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Most people who haven’t had much experience with depression or just simply don’t know much about it may assume that depression is just immense sadness. However, the diagnosis of major depressive disorder comes with a myriad of unexpected symptoms.

One of those symptoms is unfortunately anger. In fact, in many cases, people don’t even realize they have depression until they go seek help for the anger. One nurse, named Ebony Monroe, who spoke with NPR had a similar experience.

“If you had told me in the beginning that my irritability was related to depression, I would probably be livid,” Monroe explained to NPR. “I did not think irritability aligned with depression.”

Even the diagnostic manual for mental disorders doesn’t have anger as a symptom of depression, even though various studies have found links between the two.

Dr. Mark Zimmerman took a large-scale survey of patients who were entering a Rhode Island Hospital outpatient psychiatric ward. One of the questions they asked was about the level of anger they had experienced the week before.

According to Zimmerman, “Two-thirds of the individuals reported notable irritability and anger,” continuing, he explained, “and approximately half reported it at a moderate or severe level.”

This isn’t the only study that has been carried out to show the links between depression and anger. Another massive study was carried out and looked at 500 people who had been diagnosed with major depressive disorder. What the study found was that over half of them had experienced “overt irritability/anger.”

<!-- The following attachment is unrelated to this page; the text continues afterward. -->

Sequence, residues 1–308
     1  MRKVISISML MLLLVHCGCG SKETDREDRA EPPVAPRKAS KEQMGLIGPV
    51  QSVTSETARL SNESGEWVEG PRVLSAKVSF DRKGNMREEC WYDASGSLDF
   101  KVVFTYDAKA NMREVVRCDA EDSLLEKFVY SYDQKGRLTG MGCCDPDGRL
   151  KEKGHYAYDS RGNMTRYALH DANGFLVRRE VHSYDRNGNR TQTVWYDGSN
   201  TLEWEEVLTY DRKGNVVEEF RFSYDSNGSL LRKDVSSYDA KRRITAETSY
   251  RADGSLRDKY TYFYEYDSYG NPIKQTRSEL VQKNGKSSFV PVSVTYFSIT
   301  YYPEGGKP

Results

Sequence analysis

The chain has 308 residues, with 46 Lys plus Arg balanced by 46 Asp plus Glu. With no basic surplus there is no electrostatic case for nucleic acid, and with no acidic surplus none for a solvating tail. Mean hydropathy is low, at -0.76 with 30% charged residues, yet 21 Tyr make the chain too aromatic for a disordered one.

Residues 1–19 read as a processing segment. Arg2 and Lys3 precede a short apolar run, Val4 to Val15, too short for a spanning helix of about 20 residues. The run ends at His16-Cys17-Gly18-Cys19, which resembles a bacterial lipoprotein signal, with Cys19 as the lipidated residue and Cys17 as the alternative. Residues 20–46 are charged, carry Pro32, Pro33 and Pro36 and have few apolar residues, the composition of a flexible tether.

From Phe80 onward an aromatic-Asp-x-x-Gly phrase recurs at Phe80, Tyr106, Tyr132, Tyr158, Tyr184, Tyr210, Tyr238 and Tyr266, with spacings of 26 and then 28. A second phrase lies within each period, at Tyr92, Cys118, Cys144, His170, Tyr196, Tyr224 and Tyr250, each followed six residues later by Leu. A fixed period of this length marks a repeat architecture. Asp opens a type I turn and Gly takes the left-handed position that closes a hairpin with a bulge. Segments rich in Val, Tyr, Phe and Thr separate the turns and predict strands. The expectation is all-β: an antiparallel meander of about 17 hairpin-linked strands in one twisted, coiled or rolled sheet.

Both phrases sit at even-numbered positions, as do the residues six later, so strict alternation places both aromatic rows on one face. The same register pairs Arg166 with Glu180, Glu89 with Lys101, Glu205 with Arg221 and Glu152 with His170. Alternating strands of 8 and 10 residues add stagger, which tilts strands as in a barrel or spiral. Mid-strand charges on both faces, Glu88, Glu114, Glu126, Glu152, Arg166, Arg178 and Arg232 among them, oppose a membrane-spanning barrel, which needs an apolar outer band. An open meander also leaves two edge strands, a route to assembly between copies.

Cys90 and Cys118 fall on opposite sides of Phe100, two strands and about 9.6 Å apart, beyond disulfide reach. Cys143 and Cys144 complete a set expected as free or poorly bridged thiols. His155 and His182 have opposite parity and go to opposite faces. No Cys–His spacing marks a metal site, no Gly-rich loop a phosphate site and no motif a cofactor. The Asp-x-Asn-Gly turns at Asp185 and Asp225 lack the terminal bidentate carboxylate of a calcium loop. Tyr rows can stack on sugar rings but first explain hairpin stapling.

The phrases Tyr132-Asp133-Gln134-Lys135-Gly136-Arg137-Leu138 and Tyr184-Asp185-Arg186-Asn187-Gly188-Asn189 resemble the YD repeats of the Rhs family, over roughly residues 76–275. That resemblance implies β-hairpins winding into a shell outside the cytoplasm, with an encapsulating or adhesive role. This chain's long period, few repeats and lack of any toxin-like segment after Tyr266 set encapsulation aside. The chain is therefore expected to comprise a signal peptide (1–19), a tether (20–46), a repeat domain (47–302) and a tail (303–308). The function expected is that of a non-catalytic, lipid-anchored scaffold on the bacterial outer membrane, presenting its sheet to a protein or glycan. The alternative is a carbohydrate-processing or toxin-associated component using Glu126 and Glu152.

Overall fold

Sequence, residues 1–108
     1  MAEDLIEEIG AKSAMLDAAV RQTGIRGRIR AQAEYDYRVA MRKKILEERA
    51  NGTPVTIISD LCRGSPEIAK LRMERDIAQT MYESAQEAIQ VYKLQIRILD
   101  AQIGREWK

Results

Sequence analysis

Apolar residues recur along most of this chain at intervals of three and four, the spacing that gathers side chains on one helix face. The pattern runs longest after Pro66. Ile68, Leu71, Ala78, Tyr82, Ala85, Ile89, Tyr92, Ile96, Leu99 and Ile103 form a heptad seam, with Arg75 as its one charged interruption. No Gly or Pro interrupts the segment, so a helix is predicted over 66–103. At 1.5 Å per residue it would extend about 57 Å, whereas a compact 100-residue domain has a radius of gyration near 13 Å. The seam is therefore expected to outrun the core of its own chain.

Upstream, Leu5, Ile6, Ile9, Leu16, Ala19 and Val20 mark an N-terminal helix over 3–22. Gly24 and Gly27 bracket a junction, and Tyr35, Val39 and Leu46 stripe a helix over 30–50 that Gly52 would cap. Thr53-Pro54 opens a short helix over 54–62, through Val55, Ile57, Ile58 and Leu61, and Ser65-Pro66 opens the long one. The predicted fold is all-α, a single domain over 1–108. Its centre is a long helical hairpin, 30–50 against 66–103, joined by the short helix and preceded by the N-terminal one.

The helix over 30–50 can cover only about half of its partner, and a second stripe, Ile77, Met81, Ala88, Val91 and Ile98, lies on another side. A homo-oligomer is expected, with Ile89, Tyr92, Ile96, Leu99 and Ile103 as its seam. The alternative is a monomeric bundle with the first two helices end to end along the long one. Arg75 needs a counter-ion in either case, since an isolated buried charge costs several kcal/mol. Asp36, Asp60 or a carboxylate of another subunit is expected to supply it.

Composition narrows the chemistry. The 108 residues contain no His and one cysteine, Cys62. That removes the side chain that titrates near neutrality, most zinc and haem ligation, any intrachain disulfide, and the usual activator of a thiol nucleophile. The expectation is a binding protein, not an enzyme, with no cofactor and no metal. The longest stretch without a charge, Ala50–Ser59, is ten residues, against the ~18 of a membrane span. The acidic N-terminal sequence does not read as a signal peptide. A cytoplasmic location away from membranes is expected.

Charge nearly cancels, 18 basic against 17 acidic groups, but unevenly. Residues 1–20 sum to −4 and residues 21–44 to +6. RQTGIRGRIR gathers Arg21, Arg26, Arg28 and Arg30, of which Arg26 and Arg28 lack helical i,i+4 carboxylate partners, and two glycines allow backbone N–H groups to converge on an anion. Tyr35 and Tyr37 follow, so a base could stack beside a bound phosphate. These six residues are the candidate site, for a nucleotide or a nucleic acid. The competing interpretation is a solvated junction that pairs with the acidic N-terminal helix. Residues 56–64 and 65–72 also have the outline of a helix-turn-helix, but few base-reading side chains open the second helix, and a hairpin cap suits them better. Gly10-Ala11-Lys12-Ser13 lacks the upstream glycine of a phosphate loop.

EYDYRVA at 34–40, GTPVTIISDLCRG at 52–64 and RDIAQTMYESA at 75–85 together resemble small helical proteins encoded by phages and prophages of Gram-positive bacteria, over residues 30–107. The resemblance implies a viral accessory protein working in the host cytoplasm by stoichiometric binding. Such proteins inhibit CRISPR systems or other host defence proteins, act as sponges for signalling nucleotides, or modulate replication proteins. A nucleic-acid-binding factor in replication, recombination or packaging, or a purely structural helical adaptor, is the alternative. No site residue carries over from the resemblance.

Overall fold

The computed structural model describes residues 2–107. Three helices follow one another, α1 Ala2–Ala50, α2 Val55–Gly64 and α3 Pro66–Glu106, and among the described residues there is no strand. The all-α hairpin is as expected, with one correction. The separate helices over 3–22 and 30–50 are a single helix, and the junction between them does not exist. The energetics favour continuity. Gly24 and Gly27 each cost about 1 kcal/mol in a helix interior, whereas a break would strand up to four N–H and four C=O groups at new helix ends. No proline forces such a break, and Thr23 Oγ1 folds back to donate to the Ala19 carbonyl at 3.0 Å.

Scientists believe that anger is caused by depression for a few different reasons. The first is anger that is turned inward. When people are depressed, they often are strongly critical of themselves. The inner critic makes it very hard for them to move past feelings of shame, which lowers their self-worth.

And the interesting thing about emotions is that when we continue pushing feelings like anger down, eventually they come out.

Another reason scientists have found that anger could come out as a result of depression is what they refer to as anger turned outward. Being depressed puts a person in a place of stress. Stress causes stress hormones, which can place us in a mode of fight or flight. Because of this, many people who have depression end up lashing out at others, or even being hostile.

Thankfully, there are treatments available, including medications, therapy, and counseling. More often than not, depression can be quite easy to treat, especially the angry form of depression.

With that being said, if you notice that you are feeling angrier than normal, and it’s making it difficult for you to function, I would most definitely seek out a good professional to help you find peace.